G’day , I know a little about these swing rigs. I few started to come to our Marlhead club. Secondhand boats , some Stollery Roar Edges and other types. There was nobody around who knew much about them to help the novices get them going. Most sailor just threw their hands up and walked away. Anyway I asked around about them to a few people who ran these sort of rigs and did a few articles on tuning them. for the novice. some of the things we found was when they were tuned , the novice started appearing at the top of the fleet. for these boats are far superior but only in 1 to 10 knots. One has to have a wind guage with them to sail one of these boat because you have to change down in rig size earlier than a normal boat. You do have to think about , perhaps using a conventional rig in really stormy weather , from 15 to 25 knots , after that you prop up the bar.
The sheeting on the jib is critical, the luff on the jib is critcal( no sag) and one can tune their rig before it goes on the boat. And one other thing is (and I want you to think about this) you MUST BEND your sail to the mast and not like the conventional way of the mast to the sail. that should get you started. any questions?

Now you are started tuning your rig, the jib is to be tight on the foot of the sail or tighter than normal. The jib boom is to be out from the centreline of the boat about three finger thickness’. Try not to put too much tension in your back stay for you will only put tension in the whole rig. Some of these swing rig mains are double luff sails make sure that the sail move on your mast , if they don’t, fix it.

How far out do you sheet the main, i have a viper with a sting rig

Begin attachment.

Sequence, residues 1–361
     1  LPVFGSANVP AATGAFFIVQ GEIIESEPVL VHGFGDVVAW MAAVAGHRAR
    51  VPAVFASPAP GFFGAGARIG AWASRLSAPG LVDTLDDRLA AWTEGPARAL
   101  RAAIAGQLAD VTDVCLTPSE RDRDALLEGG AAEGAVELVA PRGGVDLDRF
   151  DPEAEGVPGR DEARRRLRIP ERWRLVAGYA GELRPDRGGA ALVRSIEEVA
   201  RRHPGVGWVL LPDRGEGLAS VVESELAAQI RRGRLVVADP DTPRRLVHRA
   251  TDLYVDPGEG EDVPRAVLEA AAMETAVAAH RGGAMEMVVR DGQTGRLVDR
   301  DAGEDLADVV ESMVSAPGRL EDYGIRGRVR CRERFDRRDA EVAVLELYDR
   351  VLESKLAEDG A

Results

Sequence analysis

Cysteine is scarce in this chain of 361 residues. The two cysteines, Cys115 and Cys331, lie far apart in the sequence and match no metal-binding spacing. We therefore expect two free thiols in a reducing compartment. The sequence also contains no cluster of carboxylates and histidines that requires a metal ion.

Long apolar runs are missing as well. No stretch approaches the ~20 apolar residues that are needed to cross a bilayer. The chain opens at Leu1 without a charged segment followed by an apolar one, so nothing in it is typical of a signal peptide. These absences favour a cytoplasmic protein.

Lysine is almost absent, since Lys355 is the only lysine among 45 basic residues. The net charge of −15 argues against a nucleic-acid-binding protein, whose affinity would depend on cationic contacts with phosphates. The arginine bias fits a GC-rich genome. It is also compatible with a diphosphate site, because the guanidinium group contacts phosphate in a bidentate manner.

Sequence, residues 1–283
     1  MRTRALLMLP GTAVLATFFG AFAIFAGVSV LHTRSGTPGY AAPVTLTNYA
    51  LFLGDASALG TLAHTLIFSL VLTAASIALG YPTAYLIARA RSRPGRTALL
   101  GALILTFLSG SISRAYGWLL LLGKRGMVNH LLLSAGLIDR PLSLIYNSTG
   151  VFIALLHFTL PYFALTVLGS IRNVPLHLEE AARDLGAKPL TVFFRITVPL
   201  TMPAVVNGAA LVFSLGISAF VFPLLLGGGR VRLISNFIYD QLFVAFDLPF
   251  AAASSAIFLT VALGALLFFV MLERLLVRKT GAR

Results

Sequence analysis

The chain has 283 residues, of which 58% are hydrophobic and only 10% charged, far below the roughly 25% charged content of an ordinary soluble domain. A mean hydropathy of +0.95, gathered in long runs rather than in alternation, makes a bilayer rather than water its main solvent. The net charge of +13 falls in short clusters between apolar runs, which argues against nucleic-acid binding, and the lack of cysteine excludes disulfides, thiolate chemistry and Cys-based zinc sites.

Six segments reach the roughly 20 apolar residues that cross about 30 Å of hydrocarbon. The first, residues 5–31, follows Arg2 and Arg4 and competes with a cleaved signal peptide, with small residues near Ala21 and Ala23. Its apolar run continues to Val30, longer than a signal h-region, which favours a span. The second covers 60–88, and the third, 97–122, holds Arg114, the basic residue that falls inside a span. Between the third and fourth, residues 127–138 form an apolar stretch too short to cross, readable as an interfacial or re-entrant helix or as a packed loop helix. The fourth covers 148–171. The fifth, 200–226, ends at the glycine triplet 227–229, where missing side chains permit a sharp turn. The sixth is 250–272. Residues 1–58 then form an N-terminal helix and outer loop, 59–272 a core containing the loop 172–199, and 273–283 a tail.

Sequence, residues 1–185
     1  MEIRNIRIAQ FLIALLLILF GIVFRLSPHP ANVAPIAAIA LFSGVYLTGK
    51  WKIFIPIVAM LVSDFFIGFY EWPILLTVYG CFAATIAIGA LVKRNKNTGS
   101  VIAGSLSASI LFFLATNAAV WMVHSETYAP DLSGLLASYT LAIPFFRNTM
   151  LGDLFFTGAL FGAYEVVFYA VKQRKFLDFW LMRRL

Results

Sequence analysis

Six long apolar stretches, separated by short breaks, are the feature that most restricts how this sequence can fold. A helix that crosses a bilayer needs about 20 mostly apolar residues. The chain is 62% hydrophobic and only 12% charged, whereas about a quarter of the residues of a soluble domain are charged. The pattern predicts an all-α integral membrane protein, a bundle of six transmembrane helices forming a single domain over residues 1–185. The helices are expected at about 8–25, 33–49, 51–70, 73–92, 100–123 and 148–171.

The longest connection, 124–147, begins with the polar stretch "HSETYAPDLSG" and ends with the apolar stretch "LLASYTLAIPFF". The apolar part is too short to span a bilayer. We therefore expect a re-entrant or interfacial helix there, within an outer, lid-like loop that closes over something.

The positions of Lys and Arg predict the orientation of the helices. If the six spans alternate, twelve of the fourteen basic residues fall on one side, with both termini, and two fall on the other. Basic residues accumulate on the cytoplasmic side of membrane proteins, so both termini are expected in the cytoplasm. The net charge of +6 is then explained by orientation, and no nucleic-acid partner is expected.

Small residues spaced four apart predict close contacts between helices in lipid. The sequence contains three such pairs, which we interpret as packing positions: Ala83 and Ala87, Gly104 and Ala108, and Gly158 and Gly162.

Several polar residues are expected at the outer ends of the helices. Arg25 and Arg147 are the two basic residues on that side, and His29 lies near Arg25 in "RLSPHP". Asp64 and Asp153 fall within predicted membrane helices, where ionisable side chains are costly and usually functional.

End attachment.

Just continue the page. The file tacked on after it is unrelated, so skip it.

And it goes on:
Dennis , start with 10 deg off the centre line and go from there. S

Dennis , one of the big problems with swing rigs is that the skipper is going to have to learn to do it (sail) diferently. Possibly the first thing to tell you is to learn how to sail with both hands on the transmitter and use a combination of winch and rudder to work the boat. If you don’t get it first go, perservere for in the end it is worth the effort.

Dennis do you have a Viper “M” or a 10 Rater

<blockquote id=“quote”><font size=“1” face=“Verdana, Arial, Helvetica” id=“quote”>quote:<hr height=“1” noshade id=“quote”>Originally posted by hoj

Dennis do you have a Viper “M” or a 10 Rater
<hr height=“1” noshade id=“quote”></blockquote id=“quote”></font id=“quote”> Yes i have the viper + marblehead. I sail in southern california we get very light winds out here.Steve i sheet my main out about 5% off the center line,about how much camber do you put in the main,i know you said you have the jib tight.Also my viper+ has 8" of bend in the mast.

Dennis, what I said was that the jib should be ‘tighter’ than you you would run a normal jib on a normal M. I know that it is easy to get the wrong ideas on Emails.

Do you mean that you have got a 8" bend in your mast , between the foot of your mast and the top of your mast? How does the boat like that? Will it point? Is the boat stalling, or is it pointing extra well and going?

For putting a bend in it, you are in effect moving your sail area Centre of Effort back past your C of B and C of lateral resistance. and you start to do something with the boat , that the designer didn’t want. But it is all about ‘sucking it and seeing’ with swing rigs. also keep in mind that main sails don’t like to rotating around bending masts but if yours is working then…


Just to help Dennis out. I noticed a while back that Blackmagick has a Sting rig image on its website. So you can see the Sting rig with all that mast bend.

As I remember it, the reason Bob Sterne put all of that bend in the mast is so he could use a big jib while still allowing the swing rig main to rotate the mast - CE far enough aft versus the mast pivot point. Normally swing rigs have to use a small jib in order to keep the CE aft of the pivot point. I think that is right anyway.